Critical Evaluation

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Last Updated on May 6, 2015, by eNotes Editorial. Word Count: 930

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Daphnis and Chloë (the work has also been translated as The Pastoral Loves of Daphnis and Chloë, 1924, and as The Story of Daphnis and Chloë, 1908) first appeared in English in a version by Richard Waldegrave in 1587, but the translation made by George Thornley in 1657 is more familiar. More recent translations by George Moore and Jack Lindsay are considerably more readable but have not enjoyed wide circulation. Daphnis and Chloë was an influential work throughout Renaissance Europe, its subject matter and style being respectfully recapitulated in pastoral romances produced in the vernacular throughout Europe. Like many late classical works, however—the most notorious examples are credited to Petronius and Lucian—Daphnis and Chloë came to be considered an indecent work because of its relative frankness about sex. For this reason the English text retired for a while in the nineteenth and early twentieth centuries into the shady realm of privately printed editions. Unlike the satires of Petronius and Lucian, however, Daphnis and Chloë contains nothing deliberately coarse or obscene; its allegory of the growth and maturation of sexual love is handled with scrupulous delicacy that seems intended to avoid giving offense.

Although the labored and archaic style of the Thornley translation obscures the fact, Daphnis and Chloë is in several ways a strikingly modern work. It has better claims to be considered the first protonovel than any other work of classical literature. Its plot—comprising an event-crowded obstacle course that continually parts the two lovers but finally delivers them to a marriage blessed with unexpected wealth and status—foreshadows the formula that has by far been the most successful in the popular fiction of more than a century. It is also one of the earliest works to take for granted that the life of rural folk needs to be tactfully explained and sentimentally glorified for the benefit of a thoroughly “civilized” (in its literal sense of city-bred) audience. The nostalgic reverence for the pastoral in Daphnis and Chloë is identical in spirit to that which infects a great deal of nineteenth, twentieth, and twenty-first century fiction; even its disapproval of Gnatho’s homosexuality is far more reminiscent of modern attitudes than of what are usually thought of as the attitudes of ancient Greece.

What remains classical about Daphnis and Chloë is its careful use of allegory, particularly in its use of the Greek pantheon. Its invocation of Pan is, however, self-consciously metaphorical and artificial. Unlike the dramas of several centuries earlier, in which the gods are treated with reverent awe as overlords of human destiny, the attitude of Daphnis and Chloë is conspicuously casual. This offhandedness is a natural partner of the somewhat anecdotal style of early prose fiction, but it is as much a cause as an effect. The author can refer to the gods without excessive stylization because he is fully conscious of the fact that they are, for him, symbolic. His account of the myth of Echo and the tale of Pan and Syrinx assumes that the audience knows them as fables or amusing stories. When Pan afflicts the Methymneans with the panic named after him, he acts as a friend doing a favor, not as a loftily offended god wreaking havoc upon human playthings.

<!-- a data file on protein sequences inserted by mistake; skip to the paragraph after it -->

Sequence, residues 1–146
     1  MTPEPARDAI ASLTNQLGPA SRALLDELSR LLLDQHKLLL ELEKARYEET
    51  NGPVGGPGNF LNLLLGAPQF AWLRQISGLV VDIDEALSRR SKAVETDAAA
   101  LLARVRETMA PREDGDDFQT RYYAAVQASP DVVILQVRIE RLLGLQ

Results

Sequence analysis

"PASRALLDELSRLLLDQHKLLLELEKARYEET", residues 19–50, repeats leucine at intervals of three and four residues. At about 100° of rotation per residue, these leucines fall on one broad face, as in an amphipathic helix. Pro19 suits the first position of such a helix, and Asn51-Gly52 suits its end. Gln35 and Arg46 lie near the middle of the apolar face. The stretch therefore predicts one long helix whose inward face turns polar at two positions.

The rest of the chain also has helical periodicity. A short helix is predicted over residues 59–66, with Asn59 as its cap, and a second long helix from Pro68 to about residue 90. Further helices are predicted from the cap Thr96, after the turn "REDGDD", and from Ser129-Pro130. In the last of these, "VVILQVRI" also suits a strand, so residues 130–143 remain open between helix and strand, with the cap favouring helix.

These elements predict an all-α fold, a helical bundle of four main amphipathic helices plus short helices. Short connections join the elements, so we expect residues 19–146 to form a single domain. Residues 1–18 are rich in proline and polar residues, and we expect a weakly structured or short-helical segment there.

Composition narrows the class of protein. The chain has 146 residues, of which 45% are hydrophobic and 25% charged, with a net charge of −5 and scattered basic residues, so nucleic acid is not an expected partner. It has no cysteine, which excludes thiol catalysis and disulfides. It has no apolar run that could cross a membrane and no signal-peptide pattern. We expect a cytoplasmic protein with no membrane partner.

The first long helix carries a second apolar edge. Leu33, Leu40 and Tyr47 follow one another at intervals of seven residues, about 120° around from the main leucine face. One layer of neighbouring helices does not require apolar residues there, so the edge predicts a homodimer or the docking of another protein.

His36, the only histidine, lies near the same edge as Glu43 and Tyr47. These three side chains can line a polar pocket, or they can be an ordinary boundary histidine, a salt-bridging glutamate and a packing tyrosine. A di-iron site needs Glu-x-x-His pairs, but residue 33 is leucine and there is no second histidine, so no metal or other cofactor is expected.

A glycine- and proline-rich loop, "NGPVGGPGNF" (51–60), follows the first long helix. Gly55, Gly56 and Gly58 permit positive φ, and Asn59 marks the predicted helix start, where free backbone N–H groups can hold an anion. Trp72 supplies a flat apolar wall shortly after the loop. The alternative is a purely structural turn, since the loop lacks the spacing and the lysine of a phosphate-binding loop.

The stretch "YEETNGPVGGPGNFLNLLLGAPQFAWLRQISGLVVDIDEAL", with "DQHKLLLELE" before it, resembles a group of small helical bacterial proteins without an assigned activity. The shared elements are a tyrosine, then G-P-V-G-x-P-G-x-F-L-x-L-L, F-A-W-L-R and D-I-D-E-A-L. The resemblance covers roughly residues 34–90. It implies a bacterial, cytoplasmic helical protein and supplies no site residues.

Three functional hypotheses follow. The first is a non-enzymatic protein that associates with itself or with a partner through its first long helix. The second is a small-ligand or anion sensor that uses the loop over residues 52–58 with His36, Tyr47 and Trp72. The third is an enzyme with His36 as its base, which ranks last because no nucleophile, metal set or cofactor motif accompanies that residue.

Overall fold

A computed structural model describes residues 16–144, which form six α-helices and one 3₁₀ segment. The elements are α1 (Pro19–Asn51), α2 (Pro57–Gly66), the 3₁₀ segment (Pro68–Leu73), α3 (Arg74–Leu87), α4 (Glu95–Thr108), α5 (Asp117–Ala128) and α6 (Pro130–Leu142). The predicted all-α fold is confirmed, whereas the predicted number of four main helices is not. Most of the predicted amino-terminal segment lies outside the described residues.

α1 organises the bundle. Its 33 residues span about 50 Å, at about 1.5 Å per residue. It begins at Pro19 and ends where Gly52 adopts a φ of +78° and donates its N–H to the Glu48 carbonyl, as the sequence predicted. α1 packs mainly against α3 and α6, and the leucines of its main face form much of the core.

It is not merely Pan’s name that is carefully diminished by the author of the romance; the names “Daphnis” and “Chloë” have their own significance. One attribute of the name Chloë is “Blooming,” and it has been used as a surname of the goddess Demeter, protectress of the green fields. The original Daphnis was the alleged son of Hermes and a nymph, who was brought up by the nymphs and taught by Pan to play the flute; he became a shepherd and the inventor of bucolic poetry. Pan symbolizes nature; the names allotted to the hero and heroine of the story symbolize agriculture and animal husbandry. As the plot finally emphasizes, these are essentially technologies, but they are products of civilization that must work within the framework of nature. Necessity rules that they must be harmonized, at least to some extent, with nature’s wildness and seasonally patterned fecundity. The nostalgic manner of the tale is a gentle reminder to a civilized audience that all their triumphs of artifice and manners remain rooted in the soil and the pastures.

There remains in all this a certain honest reverence, but it is a buoyant politeness rather than the somber and fatalistic reverence of Greek tragedy. The name that Daphnis takes after his marriage, Philopoemen, would also have been well known to the original hearers of the tale, being that of the last great military leader Greece produced before losing its political independence. Having come into his proper heritage, Daphnis is transformed from herdsman to hero. This indicates nostalgia for an era when Greece was the fountainhead of civilization rather than a mere handmaiden of Rome.

Few people today would read Daphnis and Chloë for pleasure; the text is too cluttered and too discursive, the prose irredeemably primitive even in more sensitive and less florid translations than Thornley’s. Those who read the tale for instructive purposes, however, cannot help but notice that in almost everything that is currently read for pleasure some echo of Daphnis and Chloë sounds. The message that it puts across is still being broadcast. To say that it stands as the remote ancestor of all modern romance stories is not to insult it but rather to confirm that it contains the seeds of a vast and flourishing literary growth, and is—in its assiduously modest fashion—a great work.